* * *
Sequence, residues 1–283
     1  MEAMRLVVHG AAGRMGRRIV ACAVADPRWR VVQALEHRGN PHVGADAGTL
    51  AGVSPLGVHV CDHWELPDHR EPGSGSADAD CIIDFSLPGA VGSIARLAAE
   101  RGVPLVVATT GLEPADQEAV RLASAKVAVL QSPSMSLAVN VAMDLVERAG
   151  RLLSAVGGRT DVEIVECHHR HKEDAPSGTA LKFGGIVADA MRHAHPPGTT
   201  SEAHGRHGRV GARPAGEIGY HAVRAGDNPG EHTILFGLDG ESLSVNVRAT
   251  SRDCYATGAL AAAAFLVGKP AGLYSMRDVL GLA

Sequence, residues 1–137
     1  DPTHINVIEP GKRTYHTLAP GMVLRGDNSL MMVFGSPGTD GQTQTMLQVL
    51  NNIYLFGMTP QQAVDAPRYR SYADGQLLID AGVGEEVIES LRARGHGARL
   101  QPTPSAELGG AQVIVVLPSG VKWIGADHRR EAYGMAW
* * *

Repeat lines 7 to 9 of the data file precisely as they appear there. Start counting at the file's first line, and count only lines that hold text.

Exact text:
   251  SRDCYATGAL AAAAFLVGKP AGLYSMRDVL GLA

Sequence, residues 1–137
     1  DPTHINVIEP GKRTYHTLAP GMVLRGDNSL MMVFGSPGTD GQTQTMLQVL